Asymmetric Effects of Counteractive Control

Counteractive control theory predicts that goals decrease the motivational strength of tempting alternatives, whereas temptations increase the motivational strength of goal-related alternatives. We explore these asymmetric effects on motivation in three studies that tested for evaluations, predictions and performance. Study 1 finds that dieters devalue fatty foods and augment the value of healthy foods. Study 2 finds that individuals in a committed relationship devalue the perceived attractiveness of alternative partners and augment the attractiveness of their own partner. Study 3 finds that students set optimistic predictions of spending more time on academic activities and less time on leisure activities. These evaluations and predictions determine performance.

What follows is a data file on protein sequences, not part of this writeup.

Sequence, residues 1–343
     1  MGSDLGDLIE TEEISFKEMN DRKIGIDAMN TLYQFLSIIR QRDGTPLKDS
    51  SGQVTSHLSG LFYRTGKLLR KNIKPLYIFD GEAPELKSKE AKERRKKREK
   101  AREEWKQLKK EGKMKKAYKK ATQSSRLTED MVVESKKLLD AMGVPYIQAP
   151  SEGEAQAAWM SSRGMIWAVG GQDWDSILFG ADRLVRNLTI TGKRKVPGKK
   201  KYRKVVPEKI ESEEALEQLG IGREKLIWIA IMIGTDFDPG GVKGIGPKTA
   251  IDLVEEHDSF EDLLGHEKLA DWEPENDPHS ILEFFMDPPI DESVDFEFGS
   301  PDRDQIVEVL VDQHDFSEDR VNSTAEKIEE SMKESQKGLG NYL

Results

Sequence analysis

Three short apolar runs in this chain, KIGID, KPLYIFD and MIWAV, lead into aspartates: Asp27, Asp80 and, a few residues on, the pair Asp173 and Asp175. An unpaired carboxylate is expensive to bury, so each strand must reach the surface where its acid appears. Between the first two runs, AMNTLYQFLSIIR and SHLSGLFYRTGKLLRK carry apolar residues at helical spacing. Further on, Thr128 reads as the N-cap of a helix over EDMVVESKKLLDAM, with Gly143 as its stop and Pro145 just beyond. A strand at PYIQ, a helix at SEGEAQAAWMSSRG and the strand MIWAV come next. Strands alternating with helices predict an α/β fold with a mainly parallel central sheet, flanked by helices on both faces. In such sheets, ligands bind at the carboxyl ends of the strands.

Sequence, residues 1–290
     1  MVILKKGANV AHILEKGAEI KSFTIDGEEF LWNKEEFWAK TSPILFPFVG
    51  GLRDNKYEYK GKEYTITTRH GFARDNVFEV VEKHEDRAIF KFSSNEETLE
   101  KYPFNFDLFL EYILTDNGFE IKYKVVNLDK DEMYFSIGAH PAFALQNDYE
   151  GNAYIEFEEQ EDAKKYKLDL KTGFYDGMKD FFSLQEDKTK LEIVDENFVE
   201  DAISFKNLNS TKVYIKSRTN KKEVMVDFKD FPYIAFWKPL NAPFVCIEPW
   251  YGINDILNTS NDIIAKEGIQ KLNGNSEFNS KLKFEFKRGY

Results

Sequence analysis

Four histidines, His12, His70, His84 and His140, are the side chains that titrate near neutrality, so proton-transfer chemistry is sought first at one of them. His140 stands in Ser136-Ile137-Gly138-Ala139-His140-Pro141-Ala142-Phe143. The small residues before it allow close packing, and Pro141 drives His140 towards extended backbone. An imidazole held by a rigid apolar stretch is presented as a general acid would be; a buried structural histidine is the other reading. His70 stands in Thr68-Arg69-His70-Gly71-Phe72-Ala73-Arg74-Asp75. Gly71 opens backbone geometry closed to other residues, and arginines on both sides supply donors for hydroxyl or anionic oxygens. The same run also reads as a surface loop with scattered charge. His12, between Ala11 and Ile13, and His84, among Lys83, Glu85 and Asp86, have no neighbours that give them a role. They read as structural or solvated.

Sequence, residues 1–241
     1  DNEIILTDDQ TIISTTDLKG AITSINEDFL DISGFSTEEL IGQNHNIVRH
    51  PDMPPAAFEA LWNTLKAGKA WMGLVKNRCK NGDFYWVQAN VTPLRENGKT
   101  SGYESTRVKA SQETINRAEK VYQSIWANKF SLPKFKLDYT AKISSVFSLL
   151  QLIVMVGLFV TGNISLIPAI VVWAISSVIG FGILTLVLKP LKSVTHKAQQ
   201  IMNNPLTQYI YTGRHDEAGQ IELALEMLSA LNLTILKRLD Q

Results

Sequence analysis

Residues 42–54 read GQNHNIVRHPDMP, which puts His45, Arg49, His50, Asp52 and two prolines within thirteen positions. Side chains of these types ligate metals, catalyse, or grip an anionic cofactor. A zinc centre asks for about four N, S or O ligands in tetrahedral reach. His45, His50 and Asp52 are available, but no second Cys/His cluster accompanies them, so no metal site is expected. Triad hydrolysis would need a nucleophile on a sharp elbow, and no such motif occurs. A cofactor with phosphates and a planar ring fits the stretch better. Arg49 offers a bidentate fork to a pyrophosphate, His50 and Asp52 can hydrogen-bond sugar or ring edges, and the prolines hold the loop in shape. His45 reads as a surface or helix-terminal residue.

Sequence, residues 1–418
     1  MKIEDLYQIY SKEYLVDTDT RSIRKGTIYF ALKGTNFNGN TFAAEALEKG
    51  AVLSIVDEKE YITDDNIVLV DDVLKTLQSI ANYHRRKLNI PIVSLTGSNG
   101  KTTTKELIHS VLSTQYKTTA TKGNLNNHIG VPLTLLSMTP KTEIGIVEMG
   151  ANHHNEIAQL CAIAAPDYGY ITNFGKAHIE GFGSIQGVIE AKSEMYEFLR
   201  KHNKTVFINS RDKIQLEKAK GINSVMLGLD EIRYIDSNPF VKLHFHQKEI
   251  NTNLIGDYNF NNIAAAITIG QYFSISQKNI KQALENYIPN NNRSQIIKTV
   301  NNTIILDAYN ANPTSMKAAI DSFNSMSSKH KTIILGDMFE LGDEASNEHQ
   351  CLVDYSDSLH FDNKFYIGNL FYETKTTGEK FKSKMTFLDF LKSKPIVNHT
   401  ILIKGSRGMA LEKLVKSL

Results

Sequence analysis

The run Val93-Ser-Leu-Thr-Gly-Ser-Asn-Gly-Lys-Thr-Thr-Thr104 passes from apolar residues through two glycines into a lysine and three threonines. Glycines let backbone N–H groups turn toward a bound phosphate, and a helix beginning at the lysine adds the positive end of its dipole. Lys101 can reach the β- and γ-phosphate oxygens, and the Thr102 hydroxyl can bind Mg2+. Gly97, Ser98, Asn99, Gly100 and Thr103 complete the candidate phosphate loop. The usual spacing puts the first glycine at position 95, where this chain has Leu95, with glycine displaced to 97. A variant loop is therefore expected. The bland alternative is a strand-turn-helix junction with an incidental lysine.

Citation:

Ayelet Fishbach, Ying Zhang, and Kristian Myrseth (2008) ,"Asymmetric Effects of Counteractive Control", in NA - Advances in Consumer Research Volume 35, eds. Angela Y. Lee and Dilip Soman, Duluth, MN : Association for Consumer Research, Pages: 217-220.

Authors

Ayelet Fishbach, University of Chicago
Ying Zhang, University of Texas, Austin
Kristian Myrseth, University of Chicago



Volume

NA - Advances in Consumer Research Volume 35 | 2008



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